The high diversity of plant families in the study area can be deduced from the presence of 50 different families. Among them, Lamiaceae was the largest family having 7 species, followed by Fabaceae (6 species), Moraceae (5 species), Apocynaceae (4 species), Asteraceae, Euphorbiaceae, Rhamnaceae and Solanaceae (3 species each), Amaranthaceae, Apiaceae, Brassicaceae, Malvaceae, Meliaceae, Menispermaceae (2 species each) (Fig. 2) and remaining families with one species each.

Fig. 2
figure2

Distribution of medicinal plant species according to their family in the study area

Medicinal plant enumerations

Eighty plants were recorded covered in this study; herbs (33, 41.2%) were dominant, followed by shrubs (21, 26.2%), trees (24, 30%) and climbers (2, 2.5%). Furthermore, life spans for the majority of plants were recorded as perennial (62, 77.5%), followed by annual (16, 20%) and biennial (2, 2.5%) (Fig. 3). Among these, 40 plant species were used for livestock healthcare, and 49 plant species were used to treat human diseases, including 9 plant species which were commonly used for both (human and livestock). Complete information about each plant species includes botanical name, family, local name, voucher number, habit, life span, locality, part used, either utilized to treat human or animal diseases or both, and their recipes are listed with RFC and UV in Tables 2, 3 and 4.

Fig. 3
figure3

Description of medicinal A plant enumeration, B plant habit and C plant life span of the study area

Table 2 Ethnomedicinal plant used to treat human diseases in District Haripur, Khyber Pakhtunkhwa, Pakistan
Table 3 Ethnomedicinal plant used to treat livestock diseases in District Haripur, Khyber Pakhtunkhwa, Pakistan
Table 4 Ethnomedicinal plant used to treat human and livestock diseases in District Haripur, Khyber Pakhtunkhwa, Pakistan

Plant part(s) used

Locals utilized different plant parts (either in combination or separately) in the study area for the management of livestock and human diseases. Among them, leaves (47.9%) were the most commonly used part in herbal preparations, followed by fruits (16%), whole plant (8.5%), roots (7.4%), seeds (4.3%), bark (3.2%), gum, bulb, twigs, flower, resin (2.1% each), spines and pods (1.1% each) (Fig. 4A). In combination, leaves were the most common plant parts combined/utilized with fruits (3), flower, roots, seed and gum, twigs and stem (1 each). The combination of gum with the spine was utilized only one time (Fig. 4B).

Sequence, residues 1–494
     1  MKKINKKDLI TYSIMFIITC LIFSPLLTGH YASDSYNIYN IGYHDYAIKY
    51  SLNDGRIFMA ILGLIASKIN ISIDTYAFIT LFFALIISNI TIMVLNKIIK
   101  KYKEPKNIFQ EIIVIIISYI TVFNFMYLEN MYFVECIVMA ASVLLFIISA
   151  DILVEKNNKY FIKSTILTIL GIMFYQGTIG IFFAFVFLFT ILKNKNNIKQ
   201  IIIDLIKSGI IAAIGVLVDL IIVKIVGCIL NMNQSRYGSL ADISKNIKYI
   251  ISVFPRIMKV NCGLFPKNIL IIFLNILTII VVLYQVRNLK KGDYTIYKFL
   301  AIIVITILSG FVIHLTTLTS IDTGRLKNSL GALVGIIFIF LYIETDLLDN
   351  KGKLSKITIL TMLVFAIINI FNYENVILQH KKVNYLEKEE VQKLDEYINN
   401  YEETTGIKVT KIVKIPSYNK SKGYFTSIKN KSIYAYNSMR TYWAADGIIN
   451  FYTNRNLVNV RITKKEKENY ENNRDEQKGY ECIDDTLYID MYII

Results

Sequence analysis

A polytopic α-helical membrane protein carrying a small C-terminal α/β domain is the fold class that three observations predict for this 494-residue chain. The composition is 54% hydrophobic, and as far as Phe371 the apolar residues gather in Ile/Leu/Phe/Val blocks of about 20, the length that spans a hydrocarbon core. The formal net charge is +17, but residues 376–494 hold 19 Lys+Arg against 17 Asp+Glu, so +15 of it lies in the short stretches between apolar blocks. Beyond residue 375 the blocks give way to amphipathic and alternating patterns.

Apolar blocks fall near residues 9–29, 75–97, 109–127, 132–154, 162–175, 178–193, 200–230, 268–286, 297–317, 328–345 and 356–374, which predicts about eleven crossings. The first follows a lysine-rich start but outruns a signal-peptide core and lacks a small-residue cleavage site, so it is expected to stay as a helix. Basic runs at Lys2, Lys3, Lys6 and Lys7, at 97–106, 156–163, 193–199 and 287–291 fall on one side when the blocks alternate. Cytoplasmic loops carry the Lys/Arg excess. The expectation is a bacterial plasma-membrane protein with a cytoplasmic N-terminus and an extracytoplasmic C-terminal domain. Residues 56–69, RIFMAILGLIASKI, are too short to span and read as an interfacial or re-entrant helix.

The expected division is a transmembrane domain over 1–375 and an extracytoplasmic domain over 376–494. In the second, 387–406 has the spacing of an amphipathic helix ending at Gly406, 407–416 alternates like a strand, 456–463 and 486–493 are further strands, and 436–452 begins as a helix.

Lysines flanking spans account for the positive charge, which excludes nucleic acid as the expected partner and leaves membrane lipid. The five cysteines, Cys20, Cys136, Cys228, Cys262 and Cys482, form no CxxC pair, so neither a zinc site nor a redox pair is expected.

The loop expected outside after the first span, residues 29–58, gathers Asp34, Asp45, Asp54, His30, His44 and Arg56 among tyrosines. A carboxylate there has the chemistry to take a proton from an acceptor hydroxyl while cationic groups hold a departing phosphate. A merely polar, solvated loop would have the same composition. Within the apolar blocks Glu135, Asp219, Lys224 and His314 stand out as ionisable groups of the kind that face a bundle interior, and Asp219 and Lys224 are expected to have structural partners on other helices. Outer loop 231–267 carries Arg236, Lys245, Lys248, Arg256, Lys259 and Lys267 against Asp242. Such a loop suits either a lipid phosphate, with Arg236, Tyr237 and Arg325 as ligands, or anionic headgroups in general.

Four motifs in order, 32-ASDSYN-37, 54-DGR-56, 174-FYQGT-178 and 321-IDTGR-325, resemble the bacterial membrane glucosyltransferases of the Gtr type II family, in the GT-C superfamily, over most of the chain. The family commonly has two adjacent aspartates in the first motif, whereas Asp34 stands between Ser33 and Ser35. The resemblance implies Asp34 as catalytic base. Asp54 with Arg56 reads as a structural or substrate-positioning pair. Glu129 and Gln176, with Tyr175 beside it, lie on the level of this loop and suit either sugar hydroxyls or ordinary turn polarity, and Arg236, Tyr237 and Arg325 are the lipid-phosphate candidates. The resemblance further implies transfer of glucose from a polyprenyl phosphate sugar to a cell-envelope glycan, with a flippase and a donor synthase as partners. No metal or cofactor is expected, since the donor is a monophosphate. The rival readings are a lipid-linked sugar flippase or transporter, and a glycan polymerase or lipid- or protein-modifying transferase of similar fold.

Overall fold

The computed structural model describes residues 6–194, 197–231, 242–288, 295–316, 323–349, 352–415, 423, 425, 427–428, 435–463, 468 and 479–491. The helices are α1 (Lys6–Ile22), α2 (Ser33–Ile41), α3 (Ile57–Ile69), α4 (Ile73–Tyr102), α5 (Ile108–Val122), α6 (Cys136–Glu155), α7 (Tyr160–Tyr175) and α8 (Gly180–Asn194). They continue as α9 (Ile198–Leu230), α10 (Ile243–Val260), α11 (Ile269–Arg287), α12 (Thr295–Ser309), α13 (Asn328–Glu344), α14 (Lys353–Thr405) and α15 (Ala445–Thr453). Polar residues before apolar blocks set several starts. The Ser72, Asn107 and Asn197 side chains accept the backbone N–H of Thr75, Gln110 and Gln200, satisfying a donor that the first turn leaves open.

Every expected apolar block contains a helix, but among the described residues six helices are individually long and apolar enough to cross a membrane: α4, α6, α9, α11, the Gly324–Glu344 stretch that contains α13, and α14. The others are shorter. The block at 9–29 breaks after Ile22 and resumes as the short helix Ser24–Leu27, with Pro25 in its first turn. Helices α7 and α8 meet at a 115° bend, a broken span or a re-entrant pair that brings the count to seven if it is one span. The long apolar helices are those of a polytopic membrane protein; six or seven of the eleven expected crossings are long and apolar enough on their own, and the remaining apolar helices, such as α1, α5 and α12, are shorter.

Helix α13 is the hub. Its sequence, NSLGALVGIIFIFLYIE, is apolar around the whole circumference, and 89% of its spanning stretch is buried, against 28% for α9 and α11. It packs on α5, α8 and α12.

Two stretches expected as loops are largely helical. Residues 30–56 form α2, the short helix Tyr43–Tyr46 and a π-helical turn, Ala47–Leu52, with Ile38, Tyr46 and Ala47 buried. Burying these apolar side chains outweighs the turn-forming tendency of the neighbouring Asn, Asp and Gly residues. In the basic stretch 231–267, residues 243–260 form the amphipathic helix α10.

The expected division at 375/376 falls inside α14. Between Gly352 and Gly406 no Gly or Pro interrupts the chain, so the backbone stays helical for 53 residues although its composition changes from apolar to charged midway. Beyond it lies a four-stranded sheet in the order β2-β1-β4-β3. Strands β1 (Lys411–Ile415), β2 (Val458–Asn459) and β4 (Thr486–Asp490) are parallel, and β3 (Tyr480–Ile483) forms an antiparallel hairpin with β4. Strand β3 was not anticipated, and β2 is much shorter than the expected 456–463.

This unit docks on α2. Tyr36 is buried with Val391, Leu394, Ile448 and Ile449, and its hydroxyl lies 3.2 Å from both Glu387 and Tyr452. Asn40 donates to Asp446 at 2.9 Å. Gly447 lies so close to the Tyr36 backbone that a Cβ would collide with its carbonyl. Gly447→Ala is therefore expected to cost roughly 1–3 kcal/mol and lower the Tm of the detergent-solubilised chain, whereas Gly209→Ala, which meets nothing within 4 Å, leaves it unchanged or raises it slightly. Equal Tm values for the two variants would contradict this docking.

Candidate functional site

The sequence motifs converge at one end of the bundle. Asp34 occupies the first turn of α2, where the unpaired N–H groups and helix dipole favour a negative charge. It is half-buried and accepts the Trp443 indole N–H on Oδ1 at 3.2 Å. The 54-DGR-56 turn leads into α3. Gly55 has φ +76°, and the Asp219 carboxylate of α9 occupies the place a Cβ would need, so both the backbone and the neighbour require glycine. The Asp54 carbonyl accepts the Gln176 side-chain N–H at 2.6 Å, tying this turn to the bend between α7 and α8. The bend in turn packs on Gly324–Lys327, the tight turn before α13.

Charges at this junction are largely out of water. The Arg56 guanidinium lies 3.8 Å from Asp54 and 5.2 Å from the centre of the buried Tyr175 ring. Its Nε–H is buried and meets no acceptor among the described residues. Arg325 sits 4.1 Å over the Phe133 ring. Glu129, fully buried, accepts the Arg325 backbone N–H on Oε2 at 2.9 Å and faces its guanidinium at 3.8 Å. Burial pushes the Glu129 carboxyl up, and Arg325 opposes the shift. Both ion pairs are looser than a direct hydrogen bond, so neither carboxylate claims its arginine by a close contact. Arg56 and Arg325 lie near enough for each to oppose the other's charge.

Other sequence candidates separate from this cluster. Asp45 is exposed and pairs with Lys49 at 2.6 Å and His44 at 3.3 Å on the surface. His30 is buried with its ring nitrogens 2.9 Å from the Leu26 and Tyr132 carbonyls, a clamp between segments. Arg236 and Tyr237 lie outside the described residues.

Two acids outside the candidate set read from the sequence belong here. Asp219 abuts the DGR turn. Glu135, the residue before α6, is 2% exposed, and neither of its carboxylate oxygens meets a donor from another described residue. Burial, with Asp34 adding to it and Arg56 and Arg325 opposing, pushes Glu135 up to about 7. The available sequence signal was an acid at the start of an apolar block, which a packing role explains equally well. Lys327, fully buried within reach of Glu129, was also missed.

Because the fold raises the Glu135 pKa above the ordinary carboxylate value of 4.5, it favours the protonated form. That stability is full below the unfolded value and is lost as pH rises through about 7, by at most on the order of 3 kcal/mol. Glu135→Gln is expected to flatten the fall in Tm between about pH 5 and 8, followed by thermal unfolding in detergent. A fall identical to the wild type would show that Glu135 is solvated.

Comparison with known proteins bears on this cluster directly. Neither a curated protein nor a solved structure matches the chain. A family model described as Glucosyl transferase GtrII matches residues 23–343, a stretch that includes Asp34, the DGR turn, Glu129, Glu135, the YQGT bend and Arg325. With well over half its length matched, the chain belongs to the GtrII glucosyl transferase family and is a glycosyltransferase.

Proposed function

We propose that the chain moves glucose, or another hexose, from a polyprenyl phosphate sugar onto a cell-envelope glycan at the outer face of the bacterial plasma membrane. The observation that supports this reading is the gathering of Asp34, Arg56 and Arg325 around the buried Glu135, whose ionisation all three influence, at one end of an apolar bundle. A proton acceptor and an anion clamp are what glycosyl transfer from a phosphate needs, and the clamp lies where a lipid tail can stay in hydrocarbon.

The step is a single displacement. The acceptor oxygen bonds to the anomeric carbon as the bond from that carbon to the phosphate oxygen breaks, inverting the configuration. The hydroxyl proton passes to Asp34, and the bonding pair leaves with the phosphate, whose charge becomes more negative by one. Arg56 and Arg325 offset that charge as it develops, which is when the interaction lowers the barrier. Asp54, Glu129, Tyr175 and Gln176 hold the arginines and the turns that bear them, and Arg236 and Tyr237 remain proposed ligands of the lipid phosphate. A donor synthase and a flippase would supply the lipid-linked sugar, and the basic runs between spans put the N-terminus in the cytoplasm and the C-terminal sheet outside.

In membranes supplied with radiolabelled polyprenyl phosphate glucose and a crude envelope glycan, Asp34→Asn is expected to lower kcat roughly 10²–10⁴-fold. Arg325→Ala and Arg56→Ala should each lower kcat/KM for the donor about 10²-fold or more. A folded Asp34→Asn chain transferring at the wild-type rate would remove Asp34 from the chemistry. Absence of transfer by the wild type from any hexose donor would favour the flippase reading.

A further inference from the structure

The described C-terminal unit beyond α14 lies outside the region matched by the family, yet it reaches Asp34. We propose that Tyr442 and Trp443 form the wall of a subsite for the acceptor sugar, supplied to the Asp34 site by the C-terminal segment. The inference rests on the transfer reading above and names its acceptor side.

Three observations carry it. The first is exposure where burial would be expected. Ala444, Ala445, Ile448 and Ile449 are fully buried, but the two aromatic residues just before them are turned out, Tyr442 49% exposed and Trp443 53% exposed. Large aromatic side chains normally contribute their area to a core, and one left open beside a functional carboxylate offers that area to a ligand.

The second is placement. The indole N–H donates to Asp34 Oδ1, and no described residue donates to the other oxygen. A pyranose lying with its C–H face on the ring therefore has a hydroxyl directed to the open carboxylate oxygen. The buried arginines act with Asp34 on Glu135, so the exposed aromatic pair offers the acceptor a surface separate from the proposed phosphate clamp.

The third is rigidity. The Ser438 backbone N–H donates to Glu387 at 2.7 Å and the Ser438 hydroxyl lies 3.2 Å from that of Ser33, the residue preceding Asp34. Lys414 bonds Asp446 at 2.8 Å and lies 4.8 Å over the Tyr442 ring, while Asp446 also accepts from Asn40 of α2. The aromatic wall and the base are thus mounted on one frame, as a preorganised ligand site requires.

Fig. 4
figure4

Utilization of A plant parts B plant parts in combination for management of livestock and human diseases

Mode of preparation, administration and application

The remedies/recipes preparations of the 80 plant species are categorized according to their type of preparation, which revealed that decoction/tea (22 species) was a widely used preparation method by locals, followed by powdered/grinded (20 species), paste/poultice (14 species), directly eaten (12 species), juice/extract (09 species), roasted/cooked (07 species), crushed (04 species) and chewed (one species) (Fig. 5). It was also recorded that the local people use preparations/recipes of ethnomedicinal plant, both as externally (25%) and internally (75%) application.

Fig. 5
figure5

Commonly used methods in the preparation of plant recipes

Species richness for the management of human and livestock diseases

Local people of the study area used 49 medicinal plants to treat 42 different ailments related to humans. These 42 ailments were further categorized into 12 major diseases categories. It was found that single medicinal plant species can treat several human ailments, and several medicinal plant species can treat single disease. In the study area, 34 livestock ailments were identified to be treated by 40 medicinal plants. These 34 ailments were further categorized into 07 major disease categories (Table 5). The ethnoveterinary medicinal plants were utilized mostly for cows (35%), followed by buffaloes (34%) and goats (31%).

Table 5 Major disease categories of human and livestock with number of remedies

Quantitative analysis

To analyze ethnomedicinal data, quantitative value indices were determined in this study. The RFC value ranges from 0.07 to 0.81 for the recorded species, and the highest value of RFC was recorded for Melia azedarach, Dodonaea viscosa, Grewia optiva and Mallotus philippensis (0.81, 0.77, 0.71 and 0.7), respectively.